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when his father went to harvard for his son's graduation, he visited the kennedy school of government there and found the words that had launched his american dream so many years ago written in stone. >> ask what you can do for your country. >> so you can maybe understand why my seatmate's graduation party was something not to be missed. before i left normandy and his family, was there one more celebration. >> when they took me on a favorite field trip. >> for him it's a symbol of opportunity. >> the statue of liberty, just a couple of miles from their apartment was a yearly destination for this family and it's as good a place as any to end this story. normandy's father set the promise that brought them to america had almost nothing to do with making more money or having a big house. remember, they had that. it had more to do with what his
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father had heard in the guns of nor handy and what he had heard in jfk, that americans at their very core are people who serve others. when you meet the villas and understand their sacrifice, you can't help the wonder, is not scanning the horizon for opportunity as many believe, but instead checking to see what we've done with ours. when i arrived in dallas i didn't know that normandy would soon invite me to his harvard graduation, but i did know his story was better than the one i was freewaying home from. that's the thing about flying coach. you don't really find great stories, they find you which i would again learn very soon when i met donna. but she's an entirely other story. normandy is back in grad school, studying public health and hopes to some day become a
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surgeon to serve what he calls underserved communities. as for his father, normandy's senior finally got his chance after putting his kids through school he graduated with a b.a. from dickinson university where he also made the dean's list. >> that's it for this pbs news hour weekend. i'm john larson. thanks for watching. ♪ ♪ ♪ ♪ ♪ -- captions by vitac -- www.vitac.com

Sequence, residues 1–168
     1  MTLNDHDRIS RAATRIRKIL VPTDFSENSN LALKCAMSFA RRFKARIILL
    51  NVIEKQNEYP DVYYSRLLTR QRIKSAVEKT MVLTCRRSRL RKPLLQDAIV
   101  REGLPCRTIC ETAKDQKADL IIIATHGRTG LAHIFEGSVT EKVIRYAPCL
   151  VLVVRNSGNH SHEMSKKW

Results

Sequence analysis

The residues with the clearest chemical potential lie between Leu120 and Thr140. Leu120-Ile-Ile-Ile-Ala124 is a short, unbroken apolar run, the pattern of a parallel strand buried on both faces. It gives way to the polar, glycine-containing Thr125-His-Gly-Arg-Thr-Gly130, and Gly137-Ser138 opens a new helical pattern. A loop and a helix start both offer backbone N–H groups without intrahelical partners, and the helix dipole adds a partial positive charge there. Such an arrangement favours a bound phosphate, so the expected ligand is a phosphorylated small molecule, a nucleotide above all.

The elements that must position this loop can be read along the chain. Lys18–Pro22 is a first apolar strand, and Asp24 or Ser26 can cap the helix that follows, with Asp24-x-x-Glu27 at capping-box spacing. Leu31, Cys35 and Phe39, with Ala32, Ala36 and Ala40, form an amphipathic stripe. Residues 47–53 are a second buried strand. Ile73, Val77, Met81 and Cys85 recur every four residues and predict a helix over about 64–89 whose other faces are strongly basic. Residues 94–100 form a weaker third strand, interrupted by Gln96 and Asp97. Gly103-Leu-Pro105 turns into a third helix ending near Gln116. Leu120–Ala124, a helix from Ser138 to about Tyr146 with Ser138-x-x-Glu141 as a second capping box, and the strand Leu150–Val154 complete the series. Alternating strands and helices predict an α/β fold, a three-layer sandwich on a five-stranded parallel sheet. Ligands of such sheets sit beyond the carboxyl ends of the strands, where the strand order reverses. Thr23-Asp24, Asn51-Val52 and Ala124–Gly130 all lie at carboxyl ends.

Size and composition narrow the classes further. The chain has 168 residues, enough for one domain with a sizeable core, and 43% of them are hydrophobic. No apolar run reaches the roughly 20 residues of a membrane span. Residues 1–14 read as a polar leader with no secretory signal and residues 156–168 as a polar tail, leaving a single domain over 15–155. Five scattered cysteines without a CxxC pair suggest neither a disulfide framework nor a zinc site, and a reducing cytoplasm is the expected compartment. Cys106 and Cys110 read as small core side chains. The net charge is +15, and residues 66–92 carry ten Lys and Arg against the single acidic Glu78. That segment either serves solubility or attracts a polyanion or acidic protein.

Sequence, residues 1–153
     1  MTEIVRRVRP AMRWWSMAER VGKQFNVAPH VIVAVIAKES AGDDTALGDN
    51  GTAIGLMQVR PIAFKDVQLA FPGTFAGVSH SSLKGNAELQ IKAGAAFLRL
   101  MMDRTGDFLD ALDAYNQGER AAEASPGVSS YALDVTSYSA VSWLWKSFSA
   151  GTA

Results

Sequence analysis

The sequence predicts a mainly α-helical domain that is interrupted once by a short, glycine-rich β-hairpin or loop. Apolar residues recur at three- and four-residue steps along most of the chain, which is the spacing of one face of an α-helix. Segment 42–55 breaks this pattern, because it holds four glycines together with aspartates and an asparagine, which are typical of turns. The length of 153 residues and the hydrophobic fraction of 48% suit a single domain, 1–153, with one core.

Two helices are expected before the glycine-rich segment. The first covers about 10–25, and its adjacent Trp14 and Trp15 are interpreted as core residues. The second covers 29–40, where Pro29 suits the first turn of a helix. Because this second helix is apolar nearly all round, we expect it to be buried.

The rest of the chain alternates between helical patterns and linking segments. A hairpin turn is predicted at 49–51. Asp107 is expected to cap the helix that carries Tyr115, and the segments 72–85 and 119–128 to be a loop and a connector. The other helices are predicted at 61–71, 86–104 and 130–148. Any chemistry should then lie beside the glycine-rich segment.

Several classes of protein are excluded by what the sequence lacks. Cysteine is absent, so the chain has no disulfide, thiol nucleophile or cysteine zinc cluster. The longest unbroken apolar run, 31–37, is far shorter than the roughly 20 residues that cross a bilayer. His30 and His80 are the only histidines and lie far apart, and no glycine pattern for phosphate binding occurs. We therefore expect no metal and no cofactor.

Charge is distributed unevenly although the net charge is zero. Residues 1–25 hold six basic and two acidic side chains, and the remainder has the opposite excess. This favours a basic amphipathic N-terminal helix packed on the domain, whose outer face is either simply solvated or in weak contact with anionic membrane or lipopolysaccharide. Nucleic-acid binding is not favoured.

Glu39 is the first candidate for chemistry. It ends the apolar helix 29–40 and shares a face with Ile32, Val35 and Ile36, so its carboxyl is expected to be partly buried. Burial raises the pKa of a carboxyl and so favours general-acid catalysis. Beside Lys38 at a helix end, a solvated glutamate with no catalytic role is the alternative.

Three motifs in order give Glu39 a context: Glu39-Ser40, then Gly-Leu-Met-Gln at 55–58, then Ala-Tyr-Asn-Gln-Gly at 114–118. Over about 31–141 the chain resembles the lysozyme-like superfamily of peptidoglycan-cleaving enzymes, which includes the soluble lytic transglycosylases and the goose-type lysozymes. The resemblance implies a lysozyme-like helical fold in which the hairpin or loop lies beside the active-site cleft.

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pbs news hour weekend is made possible by louis b. and louise coleman. joyce b. hail, the wallick family in memory of miriam and ira d. wallick, the milstein family, bernard and irene schwartz, rosalynn p. walter and corporate funding is provided by mutual of america, providing customized group retirement products and that's why we are your retirement company, additional support is provided by -- and by the corporation for public broadcasting and by con from tribugzs from your pbs station for viewers like you. thank you.
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narrator: crime dramas remain one of television's most popular genres, retelling age-old stories of good and evil, crime and punishment. connors: the shows that were successful is where the audience really said "get that no good son of a" -- you know, "get him, i can't stand him!" dickinson: a woman? "police woman"? a woman cop? nobody thought it would be a hit. the whole idea was to make it ordinary. the end of the show, the good guys win, the bad guys lose, and the ideal mission was out getting in and getting out without anyone ever knowing we were there. bain: we never shot anybody. ever... ever! i admired it and i thought it would be interesting to do all these various characters. powerslittle did i know i was going to make television history. graves: by golly, they were well done. i consider that a very fortunate thing to have done in a career. narrator: together, they took a familiar genre